Tuesday, August 30, 2011

The Impact of Climate Change on Four Species of Snakes

Bitis nasicornis. JCM

The prediction that climate change will have dramatic impacts on organisms has been discussed for a while. Three new studies support the idea that climate change will greatly influence snakes and how they will adjust to changes in habitat, competitor abundance and changes in the available food supply. These changes are occurring now and will continue into the future. 

Pierluigi Bombi and colleagues have two papers (Bombi et al. 2011a,b). In the first they report (Bombia 2011a) that the most endangered snake in Italy, the Sardinian Whipsnake, Hemorrhois (= Coluber) hippocrepis, is threatened by human alteration of its habitat and suggest that this is exacerbated by climate change. In Italy, the species in known only from the southern end of Sardinia. While nothing is known about the potential effects climate change could exert on this species, ecological modeling of its habitat suggested climate changes will greatly alter the snake's remaining habitat. Changing climate conditions will cause a dramatic reduction of suitable habitat by 2020, with a further collapse by 2050 (down to 11 km2). They found only one existing protected area will likely retain suitable habitats for this species.

In a second article, Bombi et al. (2011b) used data collected over the past 15 years on the ecology and population abundance of the Gaboon viper (Bitis gabonica) and the Nose-horned Viper (Bitis nasicornis) in southern Nigeria. The field work found several high-abundance and low-abundance populations of these two species. The authors analyzed the potential effects of climate change by modeling the current dataset on viper abundance (both high and low) using generalized additive models. Using climatic surfaces of current conditions as spatially explicit predictors, they projected viper abundance into a future climatic scenario. The future climatic conditions seemed appropriate for the success of the climatic niche used by the high-abundance Gaboon viper in their study area. While the future climatic niche for the high-abundance nose-horned viper populations was predicted narrow. In future scenarios, the two species were predicted to have a larger overlap in their climatic niche, and this is likely to increase interspecific competition.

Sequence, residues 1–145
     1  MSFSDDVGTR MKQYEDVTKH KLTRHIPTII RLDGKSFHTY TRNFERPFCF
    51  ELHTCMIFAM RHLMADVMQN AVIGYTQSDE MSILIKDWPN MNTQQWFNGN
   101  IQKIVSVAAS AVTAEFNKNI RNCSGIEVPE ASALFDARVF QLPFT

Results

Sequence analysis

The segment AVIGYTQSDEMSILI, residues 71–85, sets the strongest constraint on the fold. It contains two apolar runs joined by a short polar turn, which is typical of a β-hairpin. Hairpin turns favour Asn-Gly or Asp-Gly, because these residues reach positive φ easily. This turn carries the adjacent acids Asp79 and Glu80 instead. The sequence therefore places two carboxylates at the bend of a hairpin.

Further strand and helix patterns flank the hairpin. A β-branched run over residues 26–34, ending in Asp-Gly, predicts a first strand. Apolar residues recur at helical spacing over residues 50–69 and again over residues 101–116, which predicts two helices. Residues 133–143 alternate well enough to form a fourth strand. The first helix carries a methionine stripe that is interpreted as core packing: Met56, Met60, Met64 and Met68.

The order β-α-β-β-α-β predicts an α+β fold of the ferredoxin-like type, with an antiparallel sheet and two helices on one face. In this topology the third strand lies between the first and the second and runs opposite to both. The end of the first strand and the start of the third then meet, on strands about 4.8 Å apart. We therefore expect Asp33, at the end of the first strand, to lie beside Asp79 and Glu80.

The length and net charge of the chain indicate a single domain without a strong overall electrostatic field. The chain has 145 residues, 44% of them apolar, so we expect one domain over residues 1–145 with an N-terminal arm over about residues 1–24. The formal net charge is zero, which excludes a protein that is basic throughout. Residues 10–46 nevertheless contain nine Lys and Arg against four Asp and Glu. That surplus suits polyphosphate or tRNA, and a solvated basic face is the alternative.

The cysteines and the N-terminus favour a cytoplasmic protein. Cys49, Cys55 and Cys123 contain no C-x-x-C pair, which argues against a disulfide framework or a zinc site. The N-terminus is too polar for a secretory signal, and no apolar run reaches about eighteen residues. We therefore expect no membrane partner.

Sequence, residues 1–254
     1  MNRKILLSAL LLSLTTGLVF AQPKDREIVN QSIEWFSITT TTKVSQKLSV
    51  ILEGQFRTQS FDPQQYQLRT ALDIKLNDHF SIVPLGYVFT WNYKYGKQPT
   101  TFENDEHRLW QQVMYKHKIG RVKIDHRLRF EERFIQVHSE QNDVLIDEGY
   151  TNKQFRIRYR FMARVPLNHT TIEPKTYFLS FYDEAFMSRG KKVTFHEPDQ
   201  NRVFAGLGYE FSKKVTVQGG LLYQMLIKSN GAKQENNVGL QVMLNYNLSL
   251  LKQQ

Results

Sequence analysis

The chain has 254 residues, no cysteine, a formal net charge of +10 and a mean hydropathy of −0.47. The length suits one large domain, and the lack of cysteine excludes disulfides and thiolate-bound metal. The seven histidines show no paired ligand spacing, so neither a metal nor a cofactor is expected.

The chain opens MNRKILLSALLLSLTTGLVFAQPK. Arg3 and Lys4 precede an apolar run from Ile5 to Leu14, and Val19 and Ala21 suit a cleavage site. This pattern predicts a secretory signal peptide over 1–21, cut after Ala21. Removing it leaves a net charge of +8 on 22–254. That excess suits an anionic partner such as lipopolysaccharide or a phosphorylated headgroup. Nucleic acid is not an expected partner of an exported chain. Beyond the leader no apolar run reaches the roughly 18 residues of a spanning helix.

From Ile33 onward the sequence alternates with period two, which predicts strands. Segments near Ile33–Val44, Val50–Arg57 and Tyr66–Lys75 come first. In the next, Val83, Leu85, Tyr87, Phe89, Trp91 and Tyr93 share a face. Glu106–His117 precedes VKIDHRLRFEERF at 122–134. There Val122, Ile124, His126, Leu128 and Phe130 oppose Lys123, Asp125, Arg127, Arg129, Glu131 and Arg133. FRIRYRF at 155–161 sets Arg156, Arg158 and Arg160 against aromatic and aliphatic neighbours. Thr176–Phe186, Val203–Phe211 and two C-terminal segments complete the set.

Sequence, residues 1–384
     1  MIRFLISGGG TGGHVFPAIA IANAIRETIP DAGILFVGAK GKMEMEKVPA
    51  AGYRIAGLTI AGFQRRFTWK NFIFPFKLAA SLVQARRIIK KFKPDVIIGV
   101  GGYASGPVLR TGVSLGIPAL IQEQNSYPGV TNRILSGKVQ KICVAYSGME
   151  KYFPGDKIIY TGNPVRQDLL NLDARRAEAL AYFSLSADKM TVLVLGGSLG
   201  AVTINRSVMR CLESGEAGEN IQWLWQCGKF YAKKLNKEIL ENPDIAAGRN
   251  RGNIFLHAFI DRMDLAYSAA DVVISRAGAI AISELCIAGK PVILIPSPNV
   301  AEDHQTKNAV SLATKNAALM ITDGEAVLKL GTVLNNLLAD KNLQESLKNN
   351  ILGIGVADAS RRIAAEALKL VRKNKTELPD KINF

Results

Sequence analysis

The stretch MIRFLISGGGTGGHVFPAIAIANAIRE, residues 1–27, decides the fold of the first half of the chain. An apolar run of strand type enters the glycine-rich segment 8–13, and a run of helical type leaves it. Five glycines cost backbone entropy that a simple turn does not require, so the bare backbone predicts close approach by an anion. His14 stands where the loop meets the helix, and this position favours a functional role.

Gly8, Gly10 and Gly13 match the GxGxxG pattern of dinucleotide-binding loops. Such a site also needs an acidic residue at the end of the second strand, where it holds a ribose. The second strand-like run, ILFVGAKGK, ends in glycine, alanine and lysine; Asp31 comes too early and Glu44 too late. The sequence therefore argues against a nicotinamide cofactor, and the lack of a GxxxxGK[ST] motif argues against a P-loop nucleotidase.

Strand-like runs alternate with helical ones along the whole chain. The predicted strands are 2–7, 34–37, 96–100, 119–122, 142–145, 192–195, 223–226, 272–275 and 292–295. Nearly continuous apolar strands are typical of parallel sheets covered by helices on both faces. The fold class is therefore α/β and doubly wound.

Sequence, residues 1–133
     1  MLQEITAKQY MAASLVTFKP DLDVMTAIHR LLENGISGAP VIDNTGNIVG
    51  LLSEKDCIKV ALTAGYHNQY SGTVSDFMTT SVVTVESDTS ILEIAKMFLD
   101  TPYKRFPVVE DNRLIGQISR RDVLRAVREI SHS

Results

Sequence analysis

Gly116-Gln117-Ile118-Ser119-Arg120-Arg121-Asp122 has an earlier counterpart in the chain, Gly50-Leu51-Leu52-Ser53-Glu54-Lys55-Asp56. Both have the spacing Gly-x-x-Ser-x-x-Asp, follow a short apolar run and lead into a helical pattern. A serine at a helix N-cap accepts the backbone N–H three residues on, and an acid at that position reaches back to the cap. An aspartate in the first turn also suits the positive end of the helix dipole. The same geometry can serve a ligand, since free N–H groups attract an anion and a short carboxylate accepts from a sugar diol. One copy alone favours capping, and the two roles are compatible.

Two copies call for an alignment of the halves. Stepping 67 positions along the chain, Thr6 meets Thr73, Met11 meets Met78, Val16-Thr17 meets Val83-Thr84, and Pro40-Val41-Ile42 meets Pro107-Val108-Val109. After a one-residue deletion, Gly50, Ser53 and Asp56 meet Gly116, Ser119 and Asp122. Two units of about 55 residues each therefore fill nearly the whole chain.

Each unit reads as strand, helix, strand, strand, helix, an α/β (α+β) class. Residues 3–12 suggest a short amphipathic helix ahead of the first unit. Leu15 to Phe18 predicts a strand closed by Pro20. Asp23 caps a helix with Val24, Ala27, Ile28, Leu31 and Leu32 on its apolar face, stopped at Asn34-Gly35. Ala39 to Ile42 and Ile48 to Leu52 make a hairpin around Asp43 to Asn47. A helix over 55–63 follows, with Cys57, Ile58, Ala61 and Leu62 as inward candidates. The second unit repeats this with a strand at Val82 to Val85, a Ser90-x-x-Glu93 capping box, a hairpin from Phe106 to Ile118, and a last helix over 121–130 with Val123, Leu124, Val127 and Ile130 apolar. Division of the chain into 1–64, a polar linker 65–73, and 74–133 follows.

Beata Ujvari at the University of Wollongon and colleagues (2011) note that climate change can result in the movement of resources critical for the viability of a population, and a species' resilience to such changes will depend upon its ability to shift its activities away from no-longer-suitable sites to exploit new opportunities. Common sense would suggest that predators should be able to track spatial shifts in prey availability, but data on water pythons (Liasis fuscus) in tropical Australia suggest a less encouraging scenario. Water Pythons undergo seasonal migrations that may cause them to move up to 10 km, following flooding-induced migrations by their prey, the Native Dusky Rats (Rattus colletti). However, when an extreme flooding event virtually eliminated the rats for three years, the local pythons did not disperse despite the presence of abundant rats only 8 km away; instead, many pythons starved to death. This inflexibility suggests species that track seasonally migrating prey may do so by responding to habitat attributes that have consistently predicted prey availability over evolutionary time, rather than reacting to proximate cues that signal the presence of prey per se. Therefore, a species' vulnerability to climate change will be increased by an inability to shift its activities away from historical sites toward newly favorable areas.


Bombi, P.and Capula, M., Amen, M and Luiselli, L.. 2011a.Climate change threatens the survival of highly endangered Sardinian populations of the snake Hemorrhois hippocrepis. Animal Biology 61:239-248.
Bombi, P., Akani, G. C., Ebere, N., Luiselli, L. 2011b. Potential effects of climate change on high- and low-abundance populations of the Gaboon viper (Bitis gabonica) and the nose-horned viper (B. nasicornis) in southern Nigeria. The Herpetological Journal 21:59-64.

Ujvari, B., Shine, R., Madsen, T.. 2011. How well do predators adjust to climate-mediated shifts in prey distribution? A study on Australian water pythons. Ecology 92:777–783. [doi:10.1890/10-1471.1]

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